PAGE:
β (beta)-Carotene is an organic compound - a terpenoid, a red-orange pigment abundant in plants and fruits. As a carotene with β-rings at both ends, it is the most common form of carotene. It is a precursor (inactive form) of vitamin A.

Radish Cultivation and Background Information

The radish (Raphanus sativus) is an edible root vegetable of the Brassicaceae family that was domesticated in Europe in pre-Roman times. They are grown and consumed throughout the world. Radishes have numerous varieties, varying in size, color and duration of required cultivation time. There are some radishes that are grown for their seeds; oilseed radishes are grown, as the name implies, for oil production.

Summer radishes mature rapidly, with many varieties germinating in 3-7 days, and reaching maturity in three to four weeks. A common garden crop in the U.S., the fast harvest cycle makes them a popular choice for children's gardens. Harvesting periods can be extended through repeated plantings, spaced a week or two apart. Radishes grow best in full sun and light, sandy loams with pH 6.5 - 7.0. They are in season from April to June and from October to January in most parts of North America; in Europe and Japan they are available year-round due to the plurality of varieties grown. As with other root crops, tilling the soil helps the roots grow. Most soil types will work, though sandy loams are particularly good for winter and spring crops, while soils that form a hard crust can impair growth. The depth at which seeds are planted affects the size of the root, from 1 cm deep recommended for small radishes to 4 cm for large radishes.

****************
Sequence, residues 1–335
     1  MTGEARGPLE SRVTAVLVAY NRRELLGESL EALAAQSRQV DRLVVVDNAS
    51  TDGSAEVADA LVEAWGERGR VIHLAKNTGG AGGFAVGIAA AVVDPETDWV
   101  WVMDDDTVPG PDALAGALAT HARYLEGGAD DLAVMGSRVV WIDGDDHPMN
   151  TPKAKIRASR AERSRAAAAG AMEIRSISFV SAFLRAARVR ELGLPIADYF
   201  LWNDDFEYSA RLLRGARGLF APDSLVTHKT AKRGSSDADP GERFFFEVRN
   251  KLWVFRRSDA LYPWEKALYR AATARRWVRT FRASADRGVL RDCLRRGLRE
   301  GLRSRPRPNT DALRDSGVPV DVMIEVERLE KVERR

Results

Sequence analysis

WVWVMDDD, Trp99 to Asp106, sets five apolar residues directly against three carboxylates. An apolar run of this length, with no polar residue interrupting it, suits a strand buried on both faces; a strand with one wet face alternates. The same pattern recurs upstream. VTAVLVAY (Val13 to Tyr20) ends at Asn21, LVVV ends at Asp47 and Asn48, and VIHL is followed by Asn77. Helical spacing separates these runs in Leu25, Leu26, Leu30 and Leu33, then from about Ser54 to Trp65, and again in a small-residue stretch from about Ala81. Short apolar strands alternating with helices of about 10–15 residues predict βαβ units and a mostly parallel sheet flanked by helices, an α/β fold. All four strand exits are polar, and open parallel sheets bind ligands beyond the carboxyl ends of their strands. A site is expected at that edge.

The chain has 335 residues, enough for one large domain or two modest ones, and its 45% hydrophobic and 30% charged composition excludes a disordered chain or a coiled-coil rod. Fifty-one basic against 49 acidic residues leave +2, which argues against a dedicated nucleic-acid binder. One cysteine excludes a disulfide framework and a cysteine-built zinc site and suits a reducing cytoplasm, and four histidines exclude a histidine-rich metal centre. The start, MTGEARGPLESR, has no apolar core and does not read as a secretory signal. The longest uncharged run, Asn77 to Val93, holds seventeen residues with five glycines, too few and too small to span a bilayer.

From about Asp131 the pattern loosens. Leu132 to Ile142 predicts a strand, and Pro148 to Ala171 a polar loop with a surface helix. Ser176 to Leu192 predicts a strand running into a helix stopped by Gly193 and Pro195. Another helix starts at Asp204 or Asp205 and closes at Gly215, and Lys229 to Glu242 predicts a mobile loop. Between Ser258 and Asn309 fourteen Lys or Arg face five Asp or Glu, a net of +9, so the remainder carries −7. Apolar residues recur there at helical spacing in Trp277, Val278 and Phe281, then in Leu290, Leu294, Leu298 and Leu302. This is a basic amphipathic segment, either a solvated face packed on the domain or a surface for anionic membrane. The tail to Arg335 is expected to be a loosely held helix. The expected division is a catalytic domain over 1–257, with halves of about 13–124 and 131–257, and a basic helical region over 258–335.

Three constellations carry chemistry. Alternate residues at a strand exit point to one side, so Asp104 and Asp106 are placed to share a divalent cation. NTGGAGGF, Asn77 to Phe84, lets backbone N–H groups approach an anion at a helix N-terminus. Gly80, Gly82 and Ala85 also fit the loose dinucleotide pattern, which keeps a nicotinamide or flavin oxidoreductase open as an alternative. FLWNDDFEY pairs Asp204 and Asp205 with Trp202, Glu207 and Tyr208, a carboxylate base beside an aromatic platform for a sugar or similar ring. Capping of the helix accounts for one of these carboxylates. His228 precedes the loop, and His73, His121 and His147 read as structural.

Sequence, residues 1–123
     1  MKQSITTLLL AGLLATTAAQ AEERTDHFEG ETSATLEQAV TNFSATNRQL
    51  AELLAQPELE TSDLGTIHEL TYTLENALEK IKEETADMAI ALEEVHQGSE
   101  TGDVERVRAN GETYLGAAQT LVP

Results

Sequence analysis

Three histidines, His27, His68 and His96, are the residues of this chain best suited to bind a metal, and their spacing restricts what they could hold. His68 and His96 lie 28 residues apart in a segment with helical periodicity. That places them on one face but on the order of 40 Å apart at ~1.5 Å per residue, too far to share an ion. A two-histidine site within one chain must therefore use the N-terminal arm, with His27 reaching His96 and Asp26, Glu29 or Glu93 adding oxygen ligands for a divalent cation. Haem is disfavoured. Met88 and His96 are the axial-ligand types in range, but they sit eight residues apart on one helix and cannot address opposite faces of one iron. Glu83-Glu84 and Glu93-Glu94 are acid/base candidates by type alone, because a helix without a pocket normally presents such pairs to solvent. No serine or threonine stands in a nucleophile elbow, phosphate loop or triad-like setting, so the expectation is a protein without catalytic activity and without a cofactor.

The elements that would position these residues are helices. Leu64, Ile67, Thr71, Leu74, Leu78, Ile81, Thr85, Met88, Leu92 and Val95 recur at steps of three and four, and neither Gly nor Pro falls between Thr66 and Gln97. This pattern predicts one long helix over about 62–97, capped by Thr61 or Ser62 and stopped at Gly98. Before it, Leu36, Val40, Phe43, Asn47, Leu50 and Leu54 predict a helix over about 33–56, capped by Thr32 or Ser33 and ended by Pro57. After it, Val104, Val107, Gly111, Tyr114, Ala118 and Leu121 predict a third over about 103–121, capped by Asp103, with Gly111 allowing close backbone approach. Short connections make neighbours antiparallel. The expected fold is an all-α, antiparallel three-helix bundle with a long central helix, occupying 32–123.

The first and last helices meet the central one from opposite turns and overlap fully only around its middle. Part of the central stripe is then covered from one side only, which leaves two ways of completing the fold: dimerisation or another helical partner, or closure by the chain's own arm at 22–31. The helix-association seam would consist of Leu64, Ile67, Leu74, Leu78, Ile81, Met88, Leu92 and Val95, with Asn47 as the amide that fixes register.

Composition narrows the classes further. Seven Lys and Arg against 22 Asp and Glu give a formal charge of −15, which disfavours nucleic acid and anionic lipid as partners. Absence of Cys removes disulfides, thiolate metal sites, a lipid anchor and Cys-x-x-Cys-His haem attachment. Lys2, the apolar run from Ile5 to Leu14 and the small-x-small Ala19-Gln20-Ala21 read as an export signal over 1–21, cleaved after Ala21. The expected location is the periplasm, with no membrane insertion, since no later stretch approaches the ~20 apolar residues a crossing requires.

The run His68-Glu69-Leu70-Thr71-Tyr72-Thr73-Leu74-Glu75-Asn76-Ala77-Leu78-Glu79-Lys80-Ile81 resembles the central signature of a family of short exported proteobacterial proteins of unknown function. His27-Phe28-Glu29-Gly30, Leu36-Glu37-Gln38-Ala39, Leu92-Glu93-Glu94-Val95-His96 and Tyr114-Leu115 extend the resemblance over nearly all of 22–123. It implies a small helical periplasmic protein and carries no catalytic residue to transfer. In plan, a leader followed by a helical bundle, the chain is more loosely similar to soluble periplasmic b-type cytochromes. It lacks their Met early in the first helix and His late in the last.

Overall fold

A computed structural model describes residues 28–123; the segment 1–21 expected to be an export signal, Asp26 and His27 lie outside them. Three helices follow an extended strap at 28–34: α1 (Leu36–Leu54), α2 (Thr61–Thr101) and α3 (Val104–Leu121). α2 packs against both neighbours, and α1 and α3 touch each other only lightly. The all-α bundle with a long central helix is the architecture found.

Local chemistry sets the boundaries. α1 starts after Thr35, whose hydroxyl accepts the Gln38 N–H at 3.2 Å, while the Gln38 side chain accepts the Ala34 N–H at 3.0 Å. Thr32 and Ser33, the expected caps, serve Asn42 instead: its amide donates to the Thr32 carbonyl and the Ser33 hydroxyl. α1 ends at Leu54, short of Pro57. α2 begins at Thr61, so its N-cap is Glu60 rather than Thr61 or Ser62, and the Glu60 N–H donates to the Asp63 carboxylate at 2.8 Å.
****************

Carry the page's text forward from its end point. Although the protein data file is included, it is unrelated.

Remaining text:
Radishes are rich in ascorbic acid, folic acid, and potassium. They are a good source of vitamin B6, riboflavin, magnesium, copper, and calcium. One cup of sliced red radish bulbs provides approximately 20 Calories or less, coming largely from carbohydrates, making radishes, relative to their size, a very filling food for their caloric value.

Radishes are suggested as an alternative treatment for a variety of ailments including whooping cough, cancer, coughs, gastric discomfort, liver problems, constipation, dyspepsia, gallbladder problems, arthritis, gallstones, kidney stones and intestinal parasites.

The seeds of the Raphanus sativus species can be pressed to extract seed oil. Wild radish seeds contain up to 48% oil content, and while not suitable for human consumption the oil has promise as a source of biofuel. The oilseed radish grows well in cool climates.

For More Information (Background, pictures and references):
Acid Rain: K-12 Experiments & Background Information
Radish
Vitamin A

Source: Wikipedia (All text is available under the terms of the Creative Commons Attribution-ShareAlike License)

Useful Links
Science Fair Projects Resources
Citation Guides, Style Manuals, Reference
General Safety Resources
Electrical Safety FAQ
Environmental Sciences Fair Projects

Ecology Science Fair Projects

Environmental Sciences Experiments
Books

         



Projects Home
Primary School
Elementary School
Middle School
High School
Advanced
Easy Projects
Award Winning
Popular Ideas
Branches of Science
Experiments

Science Fair Project Guide
Home
Science Fair Project Types
The Scientific Method - How to Experiment
The Display Board
Topics, Ideas, Sample Projects

Repeat Famous Experiments and Inventions
Science Jokes Science Trivia
Scientists & Inventors

Read for Free
The Science Fair
A Juvenile Science Adventure Novel
by Julian T. Rubin

Human Abridged Wikipedia Articles



My Dog Kelly

Follow Us On:
       

Privacy Policy - Site Map - About Us - Letters to the Editor

Comments and inquiries:
webmaster@julianTrubin.com


Last updated: January 2018
Copyright © 2003-2018 Julian Rubin